Excerpted From: Robert Koulish and Kate Evans, Punishing with Impunity: The Legacy of Risk Classification Assessment in Immigration Detention, 36 Georgetown Immigration Law Journal 1 (Fall, 2021) (350 Footnotes) (Full Document)


KoulishEvansThe Biden administration took office amid promises to promote racial justice, decarceration, and a humane approach to immigration enforcement. A flurry of executive orders and policy memoranda announced the administration's efforts toward each goal. However, immigrants as well as their families and advocates have watched a disturbing increase in the number of people detained. Indeed, rather than reversing course from the Trump administration predecessor, these commitments appeared to be sidelined. This increase portends a return to the detention policies of the Obama and Trump administrations: mass incarceration of Black, Latinx, and Asian migrants under the guise of risk mitigation.

Since 2012, the decision to detain or release someone after an arrest for an immigration violation has been guided by the Risk Classification Assessment (“RCA”) system. The RCA is an automated risk tool designed to recommend whether to detain or release migrants pending resolution of removal charges. Modeled on evidence-based criminal justice reforms, the RCA combines database records and interview information into a weighted scoring system that produces public safety and flight risk assessments of “low,” “medium,” or “high” and issues a corresponding custody recommendation. The RCA was programmed to generate one of four recommendations: (1) detain in the custody of the Department of Homeland Security (“DHS”) (no bond); (2) detain, but with an accompanying recommended bond amount; (3) supervisor to determine; and (4) release. An Immigration and Customs Enforcement (“ICE”) supervisor then reviews the RCA recommendation and any accompanying comments and makes a final custody decision including any conditions for detention or release.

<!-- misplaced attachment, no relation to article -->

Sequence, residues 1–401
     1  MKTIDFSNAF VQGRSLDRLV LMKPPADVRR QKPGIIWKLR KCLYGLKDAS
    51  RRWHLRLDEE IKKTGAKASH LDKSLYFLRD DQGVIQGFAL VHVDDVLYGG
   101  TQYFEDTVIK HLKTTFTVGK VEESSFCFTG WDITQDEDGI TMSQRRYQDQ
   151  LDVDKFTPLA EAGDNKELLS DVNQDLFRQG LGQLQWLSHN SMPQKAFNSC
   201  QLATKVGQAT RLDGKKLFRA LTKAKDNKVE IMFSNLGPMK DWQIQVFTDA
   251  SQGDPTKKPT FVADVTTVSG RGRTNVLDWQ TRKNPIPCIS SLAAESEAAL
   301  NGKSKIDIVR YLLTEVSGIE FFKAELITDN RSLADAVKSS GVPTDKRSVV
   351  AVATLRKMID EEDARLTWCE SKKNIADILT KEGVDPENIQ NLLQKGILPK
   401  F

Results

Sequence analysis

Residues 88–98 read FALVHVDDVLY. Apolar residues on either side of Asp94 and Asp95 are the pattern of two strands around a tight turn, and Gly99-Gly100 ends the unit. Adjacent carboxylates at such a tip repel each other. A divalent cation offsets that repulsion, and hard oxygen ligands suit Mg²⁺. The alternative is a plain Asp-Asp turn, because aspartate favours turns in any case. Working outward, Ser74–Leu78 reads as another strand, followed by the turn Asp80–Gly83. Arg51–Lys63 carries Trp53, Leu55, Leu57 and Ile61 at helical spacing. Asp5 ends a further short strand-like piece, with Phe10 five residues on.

In 2014, this research project, called Risk Assessment in Immigration Detention (“RAID”), introduced the immigration RCA for detention to readers of the Georgetown Immigration Law Journal. The article argued that the risk tool would not reduce current levels of over-detention. It contended that competing immigration laws and policies undermined an effective and accurate risk assessment. Author Robert Koulish later introduced data from the tool's pilot in Baltimore, Maryland during 2012. That study remarked on the high detention rates and the inability of risk to predict whether or not an individual would be detained. More recently, in a joint study, the authors analyzed the “black box” algorithm to demonstrate the manipulation of the risk tool over time and linked more restrictive detention outcomes to substantial changes in the risk algorithm.

This Article is the culmination of several years of research on the RAID Project. It breaks down the broad analysis by Mark Noferi and Koulish and goes inside the algorithmic black box previously analyzed by the authors. With the original empirical data presented here, we examine the carceral immigrant state and the mechanisms at play in detaining immigrants despite the best-made rhetoric on taming detention. Our analysis reveals the effects of ICE's manipulation of the RCA algorithm on detention cases and demonstrates how the RCA's recommendations and ICE's detention decisions grew increasingly punitive over time. In sum, we see ICE detaining lower-risk individuals at almost the same rate as higher-risk ones. That is, ICE has used the risk tool as an instrument to legitimize detention, not limit it.

Summary Findings


• About 18 percent of immigrants in ICE custody are mandatorily detained under § 236(c) of the Immigration and Nationality Act (“INA”).